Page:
A fresh coat of paint to fix up a distressed property and sell it for a profit just won’t cut it anymore.
“My homes go through extensive rehabilitation,” said Fairfax Station real estate investor Shawn Daghigh. “We have to tear down walls and make a lot of changes. And all the materials we use have to be first class.”
Investors like Daghigh are holding onto properties longer and putting more money up front to reap greater profits later. Quick cosmetic fixes that turned amateur investors into real estate tycoons during the real estate boom are no more, real estate experts say.
“Flipping was different then because it was a quick dollar. It isn’t anymore. An investor now needs between five and 20 thousand dollars to invest,” said Jill M. Landsman, with the Northern Virginia Association of Realtors. “The changes will take several months as opposed days, but the end game is the same.”
During the height of the real estate boom in 2004, homes in Northern Virginia spent an average of 19 days on the market. In 2010, that number was up to 52, according to data from the Northern Virginia Association of Realtors.
Daghigh purchased a 7,000-square-foot home on Clifton Hunt Lane about seven months ago for $630,000. The home will be put on the market in the next few weeks for more than $1 million, said Realtor Ellen Robinson.
“We aren’t flipping houses,” said Shawn Daghigh, of Fairfax Station. “What I do is rehab and remodel the house completely.”
Daghigh began remodeling homes about four years ago with the help of Robinson. Robinson, who works with Re/Max and also identifies herself as a distressed property expert, directs Daghigh to run-down homes in sought-after neighborhoods. Robinson purchases the homes with cash and, months later, the home is back on the market. He has worked on three homes so far, each making a healthy profit.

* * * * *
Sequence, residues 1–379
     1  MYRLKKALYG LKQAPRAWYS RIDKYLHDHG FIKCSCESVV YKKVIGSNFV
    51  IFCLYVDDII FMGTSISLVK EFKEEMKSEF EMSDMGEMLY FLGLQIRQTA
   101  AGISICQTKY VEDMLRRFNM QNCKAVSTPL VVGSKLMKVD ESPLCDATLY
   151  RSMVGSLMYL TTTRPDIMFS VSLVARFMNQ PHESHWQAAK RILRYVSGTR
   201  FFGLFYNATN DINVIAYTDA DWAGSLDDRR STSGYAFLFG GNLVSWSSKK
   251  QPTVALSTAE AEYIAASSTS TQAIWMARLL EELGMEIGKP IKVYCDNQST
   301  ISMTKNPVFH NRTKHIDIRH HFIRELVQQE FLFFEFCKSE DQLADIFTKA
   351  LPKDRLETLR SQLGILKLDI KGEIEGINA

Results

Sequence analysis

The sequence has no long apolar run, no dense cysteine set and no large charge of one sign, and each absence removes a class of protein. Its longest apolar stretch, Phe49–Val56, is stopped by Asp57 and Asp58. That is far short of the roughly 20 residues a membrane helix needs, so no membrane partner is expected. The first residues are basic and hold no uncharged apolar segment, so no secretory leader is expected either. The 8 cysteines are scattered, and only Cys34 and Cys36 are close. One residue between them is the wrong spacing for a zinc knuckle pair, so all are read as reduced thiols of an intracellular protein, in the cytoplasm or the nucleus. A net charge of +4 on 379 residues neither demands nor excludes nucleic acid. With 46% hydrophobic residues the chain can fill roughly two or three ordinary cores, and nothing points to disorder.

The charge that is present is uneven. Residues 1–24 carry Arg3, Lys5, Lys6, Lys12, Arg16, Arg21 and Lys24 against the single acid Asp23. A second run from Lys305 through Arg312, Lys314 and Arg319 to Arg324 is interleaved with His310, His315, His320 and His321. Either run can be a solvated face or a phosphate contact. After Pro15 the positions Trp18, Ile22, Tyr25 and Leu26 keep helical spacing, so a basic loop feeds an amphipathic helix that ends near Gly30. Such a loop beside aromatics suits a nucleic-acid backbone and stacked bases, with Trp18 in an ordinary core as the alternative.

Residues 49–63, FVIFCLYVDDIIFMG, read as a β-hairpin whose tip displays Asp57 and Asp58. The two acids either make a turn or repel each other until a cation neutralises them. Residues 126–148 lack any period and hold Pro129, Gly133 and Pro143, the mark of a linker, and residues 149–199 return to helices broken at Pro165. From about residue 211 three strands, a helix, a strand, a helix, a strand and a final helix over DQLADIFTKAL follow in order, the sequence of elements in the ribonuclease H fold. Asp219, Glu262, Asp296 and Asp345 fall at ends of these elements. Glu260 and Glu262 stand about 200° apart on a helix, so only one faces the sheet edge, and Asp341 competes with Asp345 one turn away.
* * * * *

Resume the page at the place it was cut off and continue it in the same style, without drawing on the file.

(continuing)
The home on the 12600 block of Clifton Hunt Lane was built in the 1980s, and Daghigh said the fixtures showed it. Daghigh, who owns Euro Stone Craft, a granite fabrication company based out of Herndon, has outfitted the home with hardwood floors, marble in the foyer, and Bosch kitchen appliances. Everything from the kitchen, bathroom tiles, and fireplace is brand new.
“What I do is really high-end stuff,” Daghigh said.
Daghigh hopes to sell the home quickly once it’s up for sale and take advantage of the relatively healthy Washington D.C. housing market. In May, homes in Northern Virginia sold an average of for an average price of $496,943, according to the National Association of Realtors.
The Washington D.C. metro area is the only market tracked by the S&P/Case Shiller Home Price Index to report a 4 percent annual growth rate in home sales. The index measures the national residential housing market.
Though the potential profits may be alluring, the high up-front costs of the rehabilitations may prevent the average amateur investor from reaping those rewards, Daghigh said. Also important, Daghigh said, is intimate knowledge of the construction industry, where to find the best materials, and a seasoned real estate professional who knows the market well.
“I think that this level of the remodeling is better left to the experts,” Daghigh said. The scope of the job is very expensive and the investment is very high.”
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